Keep an eye out for Sordid Lives, an original scripted series set to debut on Logo on July 23rd. It’s the kind of quirky, unique, unexpectedly addictive half-hour comedy-drama one might associate with Showtime, the home of Weeds and Californication.
Much of the credit goes to its irresistible cast, which includes Bonnie Bedelia, Rue McClanahan (The Golden Girls), Olivia Newton John, Caroline Rhea and Leslie Jordan, the latter best known for his Emmy winning turn as Beverley Leslie, the “frosted mini-wheat” who often sparred with wealthy substance abuser Karen Walker on Will & Grace. Jordan steals the show as Earl “Brother Boy” Ingram, the shame of a colorful family of Baptists in the small town of Winters, Texas. A gay man who is obsessed with and dresses as Tammy Wynette, Earl has been institutionalized for over 20 years and is currently in the care of a steely psychologist who intends to “dehomosexualize” him.
Set in the late-Nineties, Sordid Lives shifts back and forth between Winters and West Hollywood, where Ty (Jason Dottley), the son of Earl’s sister Latrelle (Bedelia), is trying to build a career as an actor. He has had one brief taste of success on a soap opera and, in the series opener, auditions for a role in the musical Naked Boys Singing, despite his distress at the thought of performing nude in front of an audience. (The opening episode of Sordid Lives takes place on the day Tammy Wynette died, which would be April 6, 1998. Naked Boys Singing opened Off-Broadway in New York in 1999. Unless Naked Boys played in L.A. before then, somebody goofed.) Ty is also seeking professional help (from an ever-changing array of therapists) in dealing with his sexuality. There are all kinds of strange people in Ty’s life in L.A. (especially the therapists), just as there are all sorts of oddballs in and around his family back home. At less than 30 minutes per episode (without commercials), the fast-moving Sordid Lives does a fine job of establishing a large number of characters living in two different locations without the luxury of much screen time.
The correct title of this nutty little low-budget treat is Sordid Lives: The Series. It’s actually a prequel of sorts to the 1999 theatrical release of the same name, which followed a 1996 stage play. (Ingram family matriarch Peggy – mother to “Brother Boy” and his sisters Latrelle and LaVonda -- died in the movie, but she’s alive and well here as played by the great McClanahan.) The play, movie and series are all the work of writer, producer and director Del Shores, who has managed to create an interesting little franchise of his own. I haven’t seen the play or the movie, but I was drawn right into the mini-dramas and quirky character conflicts on Shores’ colorful television canvas. The humor amid hardship of it all reminds me in many ways of Norman Lear’s mid-Seventies satirical soap opera Mary Hartman, Mary Hartman, which is reason enough to recommend it. That and the fact that it’s great to see Olivia Newton John, who was the top female movie star 30 years ago this summer when Grease was the word, in a weekly series in which she sings! (Newton-John reprises her role from the Sordid movie.)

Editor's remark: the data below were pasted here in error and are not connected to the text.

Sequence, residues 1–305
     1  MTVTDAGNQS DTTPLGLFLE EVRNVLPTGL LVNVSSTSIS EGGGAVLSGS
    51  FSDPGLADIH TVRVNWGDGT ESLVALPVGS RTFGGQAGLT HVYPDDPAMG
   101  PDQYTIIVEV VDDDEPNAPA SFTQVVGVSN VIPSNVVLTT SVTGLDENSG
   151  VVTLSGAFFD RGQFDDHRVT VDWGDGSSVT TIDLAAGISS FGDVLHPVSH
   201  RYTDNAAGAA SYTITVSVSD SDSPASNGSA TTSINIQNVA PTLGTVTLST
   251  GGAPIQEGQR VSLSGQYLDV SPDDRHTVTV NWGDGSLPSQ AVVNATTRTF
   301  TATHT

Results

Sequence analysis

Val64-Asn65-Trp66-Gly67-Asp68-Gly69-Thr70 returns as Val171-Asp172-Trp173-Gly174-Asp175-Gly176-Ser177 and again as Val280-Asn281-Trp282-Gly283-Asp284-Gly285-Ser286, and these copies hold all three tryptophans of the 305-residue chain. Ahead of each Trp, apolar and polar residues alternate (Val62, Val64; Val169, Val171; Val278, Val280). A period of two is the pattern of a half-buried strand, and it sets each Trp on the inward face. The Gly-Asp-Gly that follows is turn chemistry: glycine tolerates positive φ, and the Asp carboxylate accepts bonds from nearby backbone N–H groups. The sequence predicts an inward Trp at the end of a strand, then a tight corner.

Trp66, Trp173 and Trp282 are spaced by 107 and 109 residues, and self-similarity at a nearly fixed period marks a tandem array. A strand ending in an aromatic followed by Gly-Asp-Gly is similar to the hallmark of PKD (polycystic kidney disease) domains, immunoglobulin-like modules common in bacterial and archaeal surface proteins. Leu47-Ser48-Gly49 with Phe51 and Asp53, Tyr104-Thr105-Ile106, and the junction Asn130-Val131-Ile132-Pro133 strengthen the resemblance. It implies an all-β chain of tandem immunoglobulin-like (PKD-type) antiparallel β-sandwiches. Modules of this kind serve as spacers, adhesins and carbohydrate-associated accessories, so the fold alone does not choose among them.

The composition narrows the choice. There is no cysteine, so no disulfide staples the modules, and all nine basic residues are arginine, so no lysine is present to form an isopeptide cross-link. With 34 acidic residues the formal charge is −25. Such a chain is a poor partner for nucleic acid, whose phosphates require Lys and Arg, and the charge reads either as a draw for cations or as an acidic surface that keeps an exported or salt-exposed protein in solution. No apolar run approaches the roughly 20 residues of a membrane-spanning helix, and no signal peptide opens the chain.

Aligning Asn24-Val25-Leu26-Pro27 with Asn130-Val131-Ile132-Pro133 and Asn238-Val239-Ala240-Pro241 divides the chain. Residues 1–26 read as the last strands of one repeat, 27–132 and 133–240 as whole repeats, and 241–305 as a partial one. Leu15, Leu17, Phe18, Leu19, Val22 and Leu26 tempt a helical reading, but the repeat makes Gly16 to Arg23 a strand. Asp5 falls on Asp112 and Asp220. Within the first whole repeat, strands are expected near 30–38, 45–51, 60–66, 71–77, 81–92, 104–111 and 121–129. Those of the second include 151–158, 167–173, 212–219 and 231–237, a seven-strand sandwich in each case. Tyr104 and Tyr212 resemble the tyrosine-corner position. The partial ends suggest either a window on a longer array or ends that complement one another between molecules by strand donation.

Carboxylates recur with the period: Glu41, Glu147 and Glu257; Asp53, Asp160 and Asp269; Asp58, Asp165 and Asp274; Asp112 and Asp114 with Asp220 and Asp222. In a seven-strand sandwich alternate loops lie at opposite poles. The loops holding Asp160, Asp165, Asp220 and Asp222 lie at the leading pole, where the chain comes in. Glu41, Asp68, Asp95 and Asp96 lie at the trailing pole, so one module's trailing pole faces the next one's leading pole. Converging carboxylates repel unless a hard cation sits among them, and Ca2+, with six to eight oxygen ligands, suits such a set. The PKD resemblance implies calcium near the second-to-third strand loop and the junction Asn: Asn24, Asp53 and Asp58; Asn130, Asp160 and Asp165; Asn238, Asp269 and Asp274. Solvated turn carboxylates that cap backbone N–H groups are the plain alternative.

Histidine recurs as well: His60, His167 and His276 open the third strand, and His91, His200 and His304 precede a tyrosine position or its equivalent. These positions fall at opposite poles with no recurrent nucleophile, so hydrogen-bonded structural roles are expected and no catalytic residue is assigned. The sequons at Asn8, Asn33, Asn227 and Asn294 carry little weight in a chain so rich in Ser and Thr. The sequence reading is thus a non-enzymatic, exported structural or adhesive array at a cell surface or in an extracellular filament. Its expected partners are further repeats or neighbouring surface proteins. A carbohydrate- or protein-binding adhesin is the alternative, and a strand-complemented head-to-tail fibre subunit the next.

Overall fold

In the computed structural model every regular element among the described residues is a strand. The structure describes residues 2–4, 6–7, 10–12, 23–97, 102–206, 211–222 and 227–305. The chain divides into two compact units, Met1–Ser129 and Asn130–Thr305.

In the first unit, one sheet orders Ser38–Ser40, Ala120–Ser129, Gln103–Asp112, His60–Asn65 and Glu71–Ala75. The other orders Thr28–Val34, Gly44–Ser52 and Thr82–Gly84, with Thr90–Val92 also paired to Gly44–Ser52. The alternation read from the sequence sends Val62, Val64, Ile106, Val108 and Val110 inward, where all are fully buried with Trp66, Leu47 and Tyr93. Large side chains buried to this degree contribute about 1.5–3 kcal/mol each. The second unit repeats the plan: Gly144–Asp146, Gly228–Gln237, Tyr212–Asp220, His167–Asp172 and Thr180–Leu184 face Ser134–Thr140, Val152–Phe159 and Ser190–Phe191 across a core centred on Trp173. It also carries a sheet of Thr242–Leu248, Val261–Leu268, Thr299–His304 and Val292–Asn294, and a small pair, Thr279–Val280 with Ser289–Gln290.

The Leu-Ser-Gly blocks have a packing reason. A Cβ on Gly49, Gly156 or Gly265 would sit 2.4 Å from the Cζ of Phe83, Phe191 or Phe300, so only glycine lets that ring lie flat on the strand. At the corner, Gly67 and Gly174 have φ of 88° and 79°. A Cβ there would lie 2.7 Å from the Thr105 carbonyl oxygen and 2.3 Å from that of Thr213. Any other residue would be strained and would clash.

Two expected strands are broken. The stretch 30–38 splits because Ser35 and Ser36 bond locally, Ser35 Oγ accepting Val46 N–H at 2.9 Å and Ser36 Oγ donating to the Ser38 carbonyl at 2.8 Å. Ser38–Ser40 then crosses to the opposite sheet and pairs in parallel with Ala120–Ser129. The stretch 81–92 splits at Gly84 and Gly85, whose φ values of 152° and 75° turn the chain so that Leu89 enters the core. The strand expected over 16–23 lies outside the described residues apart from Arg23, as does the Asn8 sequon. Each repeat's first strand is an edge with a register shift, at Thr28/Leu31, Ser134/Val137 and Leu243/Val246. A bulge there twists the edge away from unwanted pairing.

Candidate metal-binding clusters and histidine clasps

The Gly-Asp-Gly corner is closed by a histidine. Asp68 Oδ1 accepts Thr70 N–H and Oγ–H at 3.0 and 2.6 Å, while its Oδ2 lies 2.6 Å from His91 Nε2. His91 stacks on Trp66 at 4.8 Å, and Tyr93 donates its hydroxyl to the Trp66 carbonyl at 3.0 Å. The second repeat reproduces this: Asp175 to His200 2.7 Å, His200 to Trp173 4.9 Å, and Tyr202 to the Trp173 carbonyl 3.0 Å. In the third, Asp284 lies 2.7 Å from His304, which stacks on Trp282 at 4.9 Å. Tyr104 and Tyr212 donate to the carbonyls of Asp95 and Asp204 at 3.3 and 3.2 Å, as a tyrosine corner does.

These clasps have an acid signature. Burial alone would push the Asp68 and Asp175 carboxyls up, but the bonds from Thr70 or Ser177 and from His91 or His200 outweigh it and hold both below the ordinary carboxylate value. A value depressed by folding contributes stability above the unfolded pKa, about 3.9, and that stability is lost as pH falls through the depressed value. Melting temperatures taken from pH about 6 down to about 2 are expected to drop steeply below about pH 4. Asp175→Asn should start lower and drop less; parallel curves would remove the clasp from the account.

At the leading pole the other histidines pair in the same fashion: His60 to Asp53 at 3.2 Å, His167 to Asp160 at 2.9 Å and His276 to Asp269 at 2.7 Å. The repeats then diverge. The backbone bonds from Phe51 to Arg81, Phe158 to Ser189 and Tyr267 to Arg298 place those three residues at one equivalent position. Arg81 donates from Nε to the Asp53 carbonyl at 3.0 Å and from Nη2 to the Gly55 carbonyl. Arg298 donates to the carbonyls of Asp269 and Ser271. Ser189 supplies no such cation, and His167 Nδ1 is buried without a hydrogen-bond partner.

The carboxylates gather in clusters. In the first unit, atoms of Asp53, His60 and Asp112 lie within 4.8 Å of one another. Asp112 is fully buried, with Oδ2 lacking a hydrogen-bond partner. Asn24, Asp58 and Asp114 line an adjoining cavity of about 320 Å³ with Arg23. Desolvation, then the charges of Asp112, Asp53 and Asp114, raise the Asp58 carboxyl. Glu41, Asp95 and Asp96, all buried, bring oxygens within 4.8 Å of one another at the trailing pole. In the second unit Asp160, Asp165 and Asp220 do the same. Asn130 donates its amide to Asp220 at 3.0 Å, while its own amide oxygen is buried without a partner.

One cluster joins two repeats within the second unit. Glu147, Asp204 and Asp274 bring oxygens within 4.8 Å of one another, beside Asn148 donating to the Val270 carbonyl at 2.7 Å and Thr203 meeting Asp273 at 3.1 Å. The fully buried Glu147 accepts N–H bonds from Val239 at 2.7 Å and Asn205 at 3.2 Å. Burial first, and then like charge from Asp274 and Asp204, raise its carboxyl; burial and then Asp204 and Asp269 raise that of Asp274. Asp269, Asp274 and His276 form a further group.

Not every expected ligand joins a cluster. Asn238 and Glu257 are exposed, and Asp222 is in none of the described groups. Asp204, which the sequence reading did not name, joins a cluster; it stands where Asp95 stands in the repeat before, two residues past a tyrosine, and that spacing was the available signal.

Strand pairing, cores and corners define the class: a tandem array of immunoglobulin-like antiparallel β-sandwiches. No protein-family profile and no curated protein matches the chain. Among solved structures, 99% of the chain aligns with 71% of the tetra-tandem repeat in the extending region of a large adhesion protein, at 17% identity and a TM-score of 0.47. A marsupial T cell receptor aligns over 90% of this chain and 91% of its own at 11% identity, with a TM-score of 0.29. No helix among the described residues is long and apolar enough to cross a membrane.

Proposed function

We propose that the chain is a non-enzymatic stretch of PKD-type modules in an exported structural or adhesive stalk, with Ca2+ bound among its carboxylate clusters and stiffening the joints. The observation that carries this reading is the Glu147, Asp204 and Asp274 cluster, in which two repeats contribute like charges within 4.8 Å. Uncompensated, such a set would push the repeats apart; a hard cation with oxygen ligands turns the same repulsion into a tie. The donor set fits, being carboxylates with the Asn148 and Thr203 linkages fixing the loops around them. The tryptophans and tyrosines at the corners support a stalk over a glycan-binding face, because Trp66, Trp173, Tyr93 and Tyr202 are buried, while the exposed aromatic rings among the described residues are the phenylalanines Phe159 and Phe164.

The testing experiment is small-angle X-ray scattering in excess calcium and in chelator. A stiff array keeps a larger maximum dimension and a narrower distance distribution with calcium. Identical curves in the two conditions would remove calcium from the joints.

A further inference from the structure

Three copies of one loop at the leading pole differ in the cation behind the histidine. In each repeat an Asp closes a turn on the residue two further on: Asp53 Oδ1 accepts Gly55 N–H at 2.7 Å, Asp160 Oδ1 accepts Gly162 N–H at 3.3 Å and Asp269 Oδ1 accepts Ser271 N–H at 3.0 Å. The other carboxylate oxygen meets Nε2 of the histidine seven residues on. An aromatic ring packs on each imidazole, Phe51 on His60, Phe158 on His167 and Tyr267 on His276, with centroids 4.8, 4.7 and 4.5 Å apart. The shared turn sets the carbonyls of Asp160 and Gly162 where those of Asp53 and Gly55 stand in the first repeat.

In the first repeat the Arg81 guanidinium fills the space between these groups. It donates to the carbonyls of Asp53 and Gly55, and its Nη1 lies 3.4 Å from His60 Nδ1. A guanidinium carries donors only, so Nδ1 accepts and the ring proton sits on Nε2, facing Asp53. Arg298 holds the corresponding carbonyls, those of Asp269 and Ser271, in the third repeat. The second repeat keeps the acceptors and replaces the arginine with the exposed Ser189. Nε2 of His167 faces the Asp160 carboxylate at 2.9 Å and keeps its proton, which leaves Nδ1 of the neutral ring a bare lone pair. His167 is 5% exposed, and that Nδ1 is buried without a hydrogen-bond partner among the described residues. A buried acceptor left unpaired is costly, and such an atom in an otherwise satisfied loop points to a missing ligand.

The good-bad news is that Sordid Lives will be easy to overlook, given the glut of extraordinary scripted programming that is going to debut on basic cable later this month, joining the terrific new crime drama In Plain Sight on USA Network, the hit Lifetime serial Army Wives and ABC Family’s easy-to-take family drama The Secret Life of an American Teenager and cute action-comedy The Middleman, four summer series already in progress. USA Network’s Burn Notice reignites on July 10, TNT’s The Closer and Saving Grace return on July 14, A&E’s The Cleaner arrives on July 15, USA Network’s Monk and Psych are back on July 18, AMC’s awe-inspiring Mad Men starts its sophomore season on July 27 and Sci Fi Channel’s Eureka returns July 29. Incidentally, the Season 2 premiere of Mad Men makes clear that it has lost none of its narrative momentum or insanely clever character advancement since it left AMC’s schedule last fall. This sterling show will once again be widely regarded as the best series of the summer, if not the year.